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The Valet

From France, A Sweetly Seductive Farce

Pierre (Daniel Auteuil) has a problem. His wife is convinced that he’s cheating, with good reason; his supermodel mistress is tired of waiting for a divorce; and the paparazzi are following him all over Paris, hoping to ensnare him in a tempestuous scandal. What’s a philandering tycoon to do?

Throw money at the problem, of course. Pierre pays François (Gad Elmaleh), a sad-sack parking attendant, to publicly court his mistress, hoping to throw off his wife’s scent and preserve his fortune. It’s not that simple -- Pierre’s wife, who owns a majority share in the company he runs, knows about the affair and his complicated ruse. So she toys with him, watching with devilish glee as he backs himself into an impossible corner.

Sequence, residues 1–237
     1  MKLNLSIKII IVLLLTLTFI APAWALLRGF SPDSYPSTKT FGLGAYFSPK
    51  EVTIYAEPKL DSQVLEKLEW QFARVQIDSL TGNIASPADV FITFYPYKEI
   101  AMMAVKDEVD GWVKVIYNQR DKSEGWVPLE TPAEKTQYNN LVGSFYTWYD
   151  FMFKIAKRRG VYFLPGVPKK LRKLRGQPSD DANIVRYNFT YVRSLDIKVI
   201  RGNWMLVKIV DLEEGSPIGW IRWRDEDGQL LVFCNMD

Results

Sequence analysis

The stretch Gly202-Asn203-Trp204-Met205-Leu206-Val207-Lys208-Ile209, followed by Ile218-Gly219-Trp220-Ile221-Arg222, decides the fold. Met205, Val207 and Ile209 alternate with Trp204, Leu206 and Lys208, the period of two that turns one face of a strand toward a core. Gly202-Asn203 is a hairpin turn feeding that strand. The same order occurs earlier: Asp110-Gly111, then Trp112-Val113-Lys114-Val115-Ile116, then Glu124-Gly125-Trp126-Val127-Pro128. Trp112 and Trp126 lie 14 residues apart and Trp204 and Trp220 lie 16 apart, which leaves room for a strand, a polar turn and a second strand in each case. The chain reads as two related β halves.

Remarkably, François doesn’t fall for Elena (Alice Taglioni), the down-to-earth model whose heart belongs, rather inexplicably, to Pierre. (He’s rich, yes, but also a sniveling, duplicitous coward, and she isn’t after his money.) Instead, he gains some much-needed confidence and finally convinces his childhood sweetheart to marry him. Elena, meanwhile, counsels him in the art of romance and reconsiders her own troubled relationship.

The Valet, written and directed by Francis Veber (La Cage Aux Folles), is a sweet-natured screwball comedy -- slight and somewhat familiar, perhaps, but no less a pleasure. It exists in a topsy-turvy universe where sensible people thrust themselves into situations too absurd to be believed, and react to them with straight faces. It’s old-fashioned farce, seductively rendered and elegantly paced, and these days, that’s a rare thing indeed.

Rating: 3.5 out of 5 stars